Ph.D. Public Defense

A Volumetric Expansion Technique Using Vector Divergence Operator for Regional Lung Function Analysis

Rami R. Abu-Aita

Supervised by Kevin J. Parker

Tuesday, October 24, 2023
10 a.m.–11 a.m.

703 Computer Studies Building




Chronic obstructive pulmonary disease (COPD) is the third leading cause of death in the United States, after heart disease and cancer. Pulmonary function tests (PFTs), such as spirometry and body plethysmography, and quantitative computed tomography (CT) indices (QIs) of lung densitometry are typically used in the diagnosis of COPD and have been found to correlate with pulmonary function impairment. The spirometric PFTs are required to diagnose COPD by measuring important parameters such as the forced vital capacity (FVC) and the forced expiratory volume in one second (FEV1). However, the spirometric parameters provide a global measure of lung function rather than regional information. On the other hand, CT lung densitometry provides a quantitative assessment of pulmonary diseases such as emphysema and small airways disease and is used in phenotyping, but lacks functional information. Therefore, the goal of our thesis is to contribute to the functional imaging of the lungs and the regional pulmonary assessment using biomarkers.


Many lung diseases such as COPD and fibrosis are associated with dramatic changes in mechanical properties of lung tissue. Therefore, imaging techniques are continuously being developed to assess the mechanical properties of soft tissue and provide imaging biomarkers for pathological processes. Elastography, a non-invasive medical imaging technique, is used for imaging the elastic properties or stiffness of soft tissues from the tissue displacements, and has been successfully used in imaging liver fibrosis, prostate and breast cancers, and thyroid nodules. Four-dimensional CT (4DCT) and deformable image registration (DIR) are relatively new technologies that allow the estimation of parenchymal tissue displacements from the matching of volumetric lung CT images at different breathing phases. Thus, inspired by Elastography and motivated by the DIR of 4DCT images, we developed a volumetric expansion technique based on the vector divergence operator for evaluating regional lung function. From our phantom studies (0.49× 0.49 × 1.25 mm3 voxels) on compressed open cell lung models, we estimated that for theouter boundary displacements in 3D of greater than 45mm, the models achieve high accuracy with a root-mean-square error of 0.041 for the estimated divergence.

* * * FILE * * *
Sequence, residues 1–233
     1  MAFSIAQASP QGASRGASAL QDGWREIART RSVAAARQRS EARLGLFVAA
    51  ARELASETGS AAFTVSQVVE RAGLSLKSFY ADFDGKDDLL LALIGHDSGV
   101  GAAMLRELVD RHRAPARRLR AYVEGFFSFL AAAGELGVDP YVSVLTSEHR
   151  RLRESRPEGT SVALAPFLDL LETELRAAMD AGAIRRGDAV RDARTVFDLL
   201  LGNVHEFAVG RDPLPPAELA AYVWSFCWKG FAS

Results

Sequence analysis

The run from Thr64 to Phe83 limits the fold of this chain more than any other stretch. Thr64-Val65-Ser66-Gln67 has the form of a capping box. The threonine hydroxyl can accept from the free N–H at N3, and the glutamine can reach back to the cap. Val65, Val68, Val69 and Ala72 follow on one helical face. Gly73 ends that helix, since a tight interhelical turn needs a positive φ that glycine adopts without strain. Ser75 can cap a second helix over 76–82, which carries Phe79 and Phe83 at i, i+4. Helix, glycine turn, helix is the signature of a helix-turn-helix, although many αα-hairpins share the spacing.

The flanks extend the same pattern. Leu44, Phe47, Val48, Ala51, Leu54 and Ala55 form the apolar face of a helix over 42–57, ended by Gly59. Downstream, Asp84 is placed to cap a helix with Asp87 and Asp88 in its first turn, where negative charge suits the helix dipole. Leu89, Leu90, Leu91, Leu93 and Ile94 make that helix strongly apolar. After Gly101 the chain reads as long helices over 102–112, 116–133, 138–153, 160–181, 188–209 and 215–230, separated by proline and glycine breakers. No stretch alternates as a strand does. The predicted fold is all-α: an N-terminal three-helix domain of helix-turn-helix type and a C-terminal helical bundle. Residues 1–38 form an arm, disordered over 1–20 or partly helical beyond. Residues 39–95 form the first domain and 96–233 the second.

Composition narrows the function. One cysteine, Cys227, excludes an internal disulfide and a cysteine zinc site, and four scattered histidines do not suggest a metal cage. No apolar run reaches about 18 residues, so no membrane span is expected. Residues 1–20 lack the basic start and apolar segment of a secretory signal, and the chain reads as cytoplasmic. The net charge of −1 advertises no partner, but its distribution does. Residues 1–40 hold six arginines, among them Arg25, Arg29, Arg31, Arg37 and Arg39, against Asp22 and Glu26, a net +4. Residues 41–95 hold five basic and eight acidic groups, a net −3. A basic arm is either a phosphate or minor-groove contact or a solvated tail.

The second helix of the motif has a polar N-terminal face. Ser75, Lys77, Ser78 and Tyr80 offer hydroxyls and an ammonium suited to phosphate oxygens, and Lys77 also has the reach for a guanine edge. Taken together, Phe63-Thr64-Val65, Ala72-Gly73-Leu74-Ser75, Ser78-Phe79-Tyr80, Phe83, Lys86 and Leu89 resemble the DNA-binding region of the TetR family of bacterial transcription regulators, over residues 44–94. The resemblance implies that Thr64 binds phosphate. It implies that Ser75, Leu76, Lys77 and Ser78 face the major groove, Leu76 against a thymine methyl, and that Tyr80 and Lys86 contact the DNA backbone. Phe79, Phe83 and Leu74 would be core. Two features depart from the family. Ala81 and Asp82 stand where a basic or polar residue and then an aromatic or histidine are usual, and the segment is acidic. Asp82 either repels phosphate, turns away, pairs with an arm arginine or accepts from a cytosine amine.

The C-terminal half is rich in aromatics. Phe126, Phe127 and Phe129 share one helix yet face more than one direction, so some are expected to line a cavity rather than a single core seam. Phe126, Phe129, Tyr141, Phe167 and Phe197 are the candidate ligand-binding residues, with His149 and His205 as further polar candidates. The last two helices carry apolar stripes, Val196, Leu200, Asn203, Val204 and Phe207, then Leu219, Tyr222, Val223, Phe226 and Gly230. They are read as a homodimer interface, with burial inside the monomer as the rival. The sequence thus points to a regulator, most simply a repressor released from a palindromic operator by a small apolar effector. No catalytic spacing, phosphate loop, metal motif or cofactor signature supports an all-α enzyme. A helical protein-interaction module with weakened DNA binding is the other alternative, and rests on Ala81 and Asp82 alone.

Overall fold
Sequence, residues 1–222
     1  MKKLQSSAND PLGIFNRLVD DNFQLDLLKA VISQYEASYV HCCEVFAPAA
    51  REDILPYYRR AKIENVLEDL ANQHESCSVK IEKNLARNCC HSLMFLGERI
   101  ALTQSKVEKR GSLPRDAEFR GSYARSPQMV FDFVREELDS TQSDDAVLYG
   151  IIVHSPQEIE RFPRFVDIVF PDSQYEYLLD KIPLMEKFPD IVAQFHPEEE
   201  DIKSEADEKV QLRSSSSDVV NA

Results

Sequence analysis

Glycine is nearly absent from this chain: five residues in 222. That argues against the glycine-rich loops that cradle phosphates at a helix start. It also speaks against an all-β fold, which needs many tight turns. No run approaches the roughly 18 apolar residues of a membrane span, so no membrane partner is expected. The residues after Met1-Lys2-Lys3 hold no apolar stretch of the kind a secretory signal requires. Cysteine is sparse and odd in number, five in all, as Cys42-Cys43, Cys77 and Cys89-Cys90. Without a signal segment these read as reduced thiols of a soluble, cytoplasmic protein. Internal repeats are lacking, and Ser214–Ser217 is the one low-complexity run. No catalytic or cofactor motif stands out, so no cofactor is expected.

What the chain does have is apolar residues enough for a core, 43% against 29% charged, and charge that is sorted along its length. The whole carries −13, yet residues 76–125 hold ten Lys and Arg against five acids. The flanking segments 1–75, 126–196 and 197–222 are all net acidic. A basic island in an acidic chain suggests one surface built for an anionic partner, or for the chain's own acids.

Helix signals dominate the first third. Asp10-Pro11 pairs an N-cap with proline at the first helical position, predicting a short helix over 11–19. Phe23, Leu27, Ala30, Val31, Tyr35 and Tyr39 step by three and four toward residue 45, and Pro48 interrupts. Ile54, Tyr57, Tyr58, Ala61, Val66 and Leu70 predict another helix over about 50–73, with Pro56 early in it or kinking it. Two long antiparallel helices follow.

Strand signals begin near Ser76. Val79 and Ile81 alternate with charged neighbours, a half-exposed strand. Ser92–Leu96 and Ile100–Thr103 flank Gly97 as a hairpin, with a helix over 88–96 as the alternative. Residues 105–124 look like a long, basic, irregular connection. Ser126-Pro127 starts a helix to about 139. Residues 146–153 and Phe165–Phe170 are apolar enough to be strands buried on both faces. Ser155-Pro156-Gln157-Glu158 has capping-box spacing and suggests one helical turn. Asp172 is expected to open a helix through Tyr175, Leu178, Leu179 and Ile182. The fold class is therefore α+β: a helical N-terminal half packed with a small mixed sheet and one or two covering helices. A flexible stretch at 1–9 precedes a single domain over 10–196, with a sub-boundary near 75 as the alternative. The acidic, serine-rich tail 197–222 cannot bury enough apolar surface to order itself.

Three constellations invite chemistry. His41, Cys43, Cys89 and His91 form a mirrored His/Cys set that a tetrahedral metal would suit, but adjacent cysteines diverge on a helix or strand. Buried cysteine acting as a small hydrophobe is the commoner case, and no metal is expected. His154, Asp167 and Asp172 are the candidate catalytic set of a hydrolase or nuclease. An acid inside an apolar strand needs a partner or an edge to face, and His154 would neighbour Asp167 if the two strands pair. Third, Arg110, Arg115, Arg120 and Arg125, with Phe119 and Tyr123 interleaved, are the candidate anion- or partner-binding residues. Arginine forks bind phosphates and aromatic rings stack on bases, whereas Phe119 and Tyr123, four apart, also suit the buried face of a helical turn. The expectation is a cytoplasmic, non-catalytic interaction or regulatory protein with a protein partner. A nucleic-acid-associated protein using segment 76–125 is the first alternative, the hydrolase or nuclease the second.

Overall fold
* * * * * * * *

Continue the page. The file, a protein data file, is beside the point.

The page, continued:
We studied the relationship between the divergence biomarker and the clinical measures of pulmonary function in patients with COPD. To achieve this goal, the mean and median divergence values were tested for correlation with PFTs and QIs using Pearson’s and Spearman’s rank-order correlation analyses. The divergence measure correlated strongly with both PFTs and QIs of COPD patients and therefore is a useful biomarker in analyzing regional lung function. We also found a statistically significant difference in divergence between normal subjects and patients with emphysema (p < .005) and COPD (p < .001), particularly patients with severe obstructive lung disease (p = .0005). In physical terms, the divergence shows that there is a significant difference in lung tissue expansion between normal subjects and patients with airflow obstruction as in emphysema and COPD. Furthermore, we propose the divergence images and divergence volume histograms (DiVHs) as a clear and concise representation for the distribution of divergence within the lung organ in order to facilitate the comparison of pulmonary function impairment amongst individuals with obstructive lung diseases.